This has to be one of the most poorly tagged albums I have ever encountered on Bandcamp, and I’m happy for it. I wasn’t quite sure what to expect when I first played Quick Dreams, a release by Georgian composer Gacha Bakradze, but I knew about 20 second into it that it wasn’t going to be techno or house. It’s definitely an ambient record, and quite a shimmery and pretty one as well, but you find acoustic guitar, rock-ish structures, and a very calm, warm air around this disc.
Only a fool would believe we’re not living in a great time for music. The world of pop is banal, and should only be seen as entertainment. Actual music, that which is trying to continue breaking borders, bending (or snapping) rules, is doing quite well.
Iranian-born composer Maryam Sirvan has been featured on the blog before, having her powerful solo album reviewed here, but this is a newer release where she teams up with fellow composer Milad Bagheri and saxophonist Rezo Kiknadze. Few composers of this stripe are able to combine the intellectual rigors of electroacoustic music, especially that of the INA-GRM variety, with the gritty, ghostly feel of 20 Jazz Funk Greats-period Throbbing Gristle.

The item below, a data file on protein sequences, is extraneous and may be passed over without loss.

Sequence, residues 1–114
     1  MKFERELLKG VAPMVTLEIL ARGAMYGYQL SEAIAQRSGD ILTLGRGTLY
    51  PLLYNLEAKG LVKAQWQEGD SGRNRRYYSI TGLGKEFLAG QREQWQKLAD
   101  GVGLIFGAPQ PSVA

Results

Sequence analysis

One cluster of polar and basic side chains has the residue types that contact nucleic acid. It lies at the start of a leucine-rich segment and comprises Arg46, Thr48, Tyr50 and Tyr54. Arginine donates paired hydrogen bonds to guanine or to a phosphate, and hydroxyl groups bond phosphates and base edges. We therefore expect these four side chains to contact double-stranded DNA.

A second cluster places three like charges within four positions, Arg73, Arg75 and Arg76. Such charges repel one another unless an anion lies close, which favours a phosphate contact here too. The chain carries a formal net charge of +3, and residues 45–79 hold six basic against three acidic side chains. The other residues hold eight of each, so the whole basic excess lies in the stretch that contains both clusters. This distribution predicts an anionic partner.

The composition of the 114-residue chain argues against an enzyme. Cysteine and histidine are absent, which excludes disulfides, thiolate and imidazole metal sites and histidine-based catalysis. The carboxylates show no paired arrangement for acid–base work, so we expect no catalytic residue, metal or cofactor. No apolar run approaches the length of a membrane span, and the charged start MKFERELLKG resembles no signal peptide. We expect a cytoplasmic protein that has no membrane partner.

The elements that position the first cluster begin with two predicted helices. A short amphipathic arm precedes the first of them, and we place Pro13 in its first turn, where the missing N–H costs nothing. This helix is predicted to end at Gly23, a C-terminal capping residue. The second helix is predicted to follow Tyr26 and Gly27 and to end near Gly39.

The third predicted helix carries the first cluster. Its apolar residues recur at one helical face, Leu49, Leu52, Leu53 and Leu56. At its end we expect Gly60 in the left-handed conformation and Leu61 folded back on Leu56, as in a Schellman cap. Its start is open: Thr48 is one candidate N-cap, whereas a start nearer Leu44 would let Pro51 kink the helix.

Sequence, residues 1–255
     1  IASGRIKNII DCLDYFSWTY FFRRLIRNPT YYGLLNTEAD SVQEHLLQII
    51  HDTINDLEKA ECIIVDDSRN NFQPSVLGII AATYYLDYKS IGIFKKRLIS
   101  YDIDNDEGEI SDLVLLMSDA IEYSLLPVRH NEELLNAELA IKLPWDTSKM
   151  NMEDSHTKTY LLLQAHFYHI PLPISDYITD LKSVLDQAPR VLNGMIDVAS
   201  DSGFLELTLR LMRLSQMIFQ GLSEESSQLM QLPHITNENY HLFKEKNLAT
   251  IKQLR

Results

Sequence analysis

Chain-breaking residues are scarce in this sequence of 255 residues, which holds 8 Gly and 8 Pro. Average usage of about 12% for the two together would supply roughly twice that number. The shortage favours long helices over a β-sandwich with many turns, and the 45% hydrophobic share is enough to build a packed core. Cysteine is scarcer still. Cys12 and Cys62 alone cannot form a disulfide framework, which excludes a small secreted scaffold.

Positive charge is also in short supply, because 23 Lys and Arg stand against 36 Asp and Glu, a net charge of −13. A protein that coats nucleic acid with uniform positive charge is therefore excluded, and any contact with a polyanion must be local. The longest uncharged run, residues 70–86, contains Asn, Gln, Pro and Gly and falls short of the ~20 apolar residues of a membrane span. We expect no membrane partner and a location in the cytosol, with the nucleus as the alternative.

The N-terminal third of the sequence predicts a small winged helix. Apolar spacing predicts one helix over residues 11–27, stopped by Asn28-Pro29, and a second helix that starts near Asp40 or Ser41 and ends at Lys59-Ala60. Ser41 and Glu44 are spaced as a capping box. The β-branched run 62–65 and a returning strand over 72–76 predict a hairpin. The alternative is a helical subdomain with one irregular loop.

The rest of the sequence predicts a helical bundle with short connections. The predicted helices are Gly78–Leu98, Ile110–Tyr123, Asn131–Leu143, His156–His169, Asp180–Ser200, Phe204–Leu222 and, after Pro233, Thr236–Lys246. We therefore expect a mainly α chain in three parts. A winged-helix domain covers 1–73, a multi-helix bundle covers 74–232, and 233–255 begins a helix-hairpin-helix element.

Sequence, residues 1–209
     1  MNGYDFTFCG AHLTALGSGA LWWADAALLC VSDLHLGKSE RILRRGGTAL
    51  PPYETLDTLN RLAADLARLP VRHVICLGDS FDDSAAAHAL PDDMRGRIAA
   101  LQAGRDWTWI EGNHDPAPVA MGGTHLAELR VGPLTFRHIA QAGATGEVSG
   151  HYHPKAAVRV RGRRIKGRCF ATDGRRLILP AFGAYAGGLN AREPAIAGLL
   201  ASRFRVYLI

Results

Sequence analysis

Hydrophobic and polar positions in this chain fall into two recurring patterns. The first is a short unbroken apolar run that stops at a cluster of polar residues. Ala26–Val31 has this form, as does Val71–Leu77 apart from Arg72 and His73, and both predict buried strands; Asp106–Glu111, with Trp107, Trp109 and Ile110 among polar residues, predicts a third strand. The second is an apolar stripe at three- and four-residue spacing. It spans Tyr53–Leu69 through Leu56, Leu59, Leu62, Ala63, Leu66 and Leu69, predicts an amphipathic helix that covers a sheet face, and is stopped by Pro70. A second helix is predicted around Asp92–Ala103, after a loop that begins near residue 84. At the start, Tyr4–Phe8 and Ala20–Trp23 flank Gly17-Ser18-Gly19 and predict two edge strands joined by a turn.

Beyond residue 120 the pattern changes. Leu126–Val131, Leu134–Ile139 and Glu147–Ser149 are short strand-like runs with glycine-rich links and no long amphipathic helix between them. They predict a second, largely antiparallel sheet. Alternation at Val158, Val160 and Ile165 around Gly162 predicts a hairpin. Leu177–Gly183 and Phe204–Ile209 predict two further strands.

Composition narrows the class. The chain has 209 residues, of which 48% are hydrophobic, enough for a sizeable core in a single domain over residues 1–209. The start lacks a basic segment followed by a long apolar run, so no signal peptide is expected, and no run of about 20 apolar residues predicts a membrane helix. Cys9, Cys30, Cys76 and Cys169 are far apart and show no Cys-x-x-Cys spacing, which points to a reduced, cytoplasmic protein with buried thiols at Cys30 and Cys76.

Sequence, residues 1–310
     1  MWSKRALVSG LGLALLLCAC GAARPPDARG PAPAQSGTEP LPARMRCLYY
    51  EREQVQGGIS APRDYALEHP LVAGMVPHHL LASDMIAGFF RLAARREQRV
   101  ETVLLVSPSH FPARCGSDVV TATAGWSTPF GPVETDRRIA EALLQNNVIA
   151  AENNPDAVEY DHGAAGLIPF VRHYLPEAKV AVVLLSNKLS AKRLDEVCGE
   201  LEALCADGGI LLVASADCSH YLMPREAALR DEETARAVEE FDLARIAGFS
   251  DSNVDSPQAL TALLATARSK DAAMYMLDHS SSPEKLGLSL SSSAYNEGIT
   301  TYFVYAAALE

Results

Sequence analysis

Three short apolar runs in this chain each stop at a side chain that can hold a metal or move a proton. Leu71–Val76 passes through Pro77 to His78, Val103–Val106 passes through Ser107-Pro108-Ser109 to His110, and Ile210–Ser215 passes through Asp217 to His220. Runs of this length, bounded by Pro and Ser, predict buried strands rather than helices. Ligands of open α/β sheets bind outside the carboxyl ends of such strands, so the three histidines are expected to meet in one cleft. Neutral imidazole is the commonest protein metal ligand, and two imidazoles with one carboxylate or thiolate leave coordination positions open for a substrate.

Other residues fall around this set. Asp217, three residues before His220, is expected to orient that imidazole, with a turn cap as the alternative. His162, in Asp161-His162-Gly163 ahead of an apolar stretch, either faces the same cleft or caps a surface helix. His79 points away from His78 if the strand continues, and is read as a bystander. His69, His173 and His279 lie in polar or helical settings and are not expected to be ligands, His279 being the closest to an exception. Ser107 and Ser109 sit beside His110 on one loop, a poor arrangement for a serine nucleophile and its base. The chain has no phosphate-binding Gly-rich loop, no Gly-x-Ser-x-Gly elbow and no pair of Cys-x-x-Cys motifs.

This is a brilliant work, and I hope to see more composers appearing out the of Caucasus soon.
This is one of those songs I’ve searched for on Youtube for years, having no luck in ever finding a copy of it. Today, after digging through my own personal archives, I found this gorgeous track, which is apparently a folk song of some note in Georgia, even appearing in films.
To find this version, order the CD here from Wergo Records.
Hamlet Gonashvili possessed perhaps the most beautiful voice to ever come out of Georgia, which is no simple thing to claim. He died far too young after falling from an apple tree in 1985, but left an admirable body of work from his native homeland. This is, to me, his best work.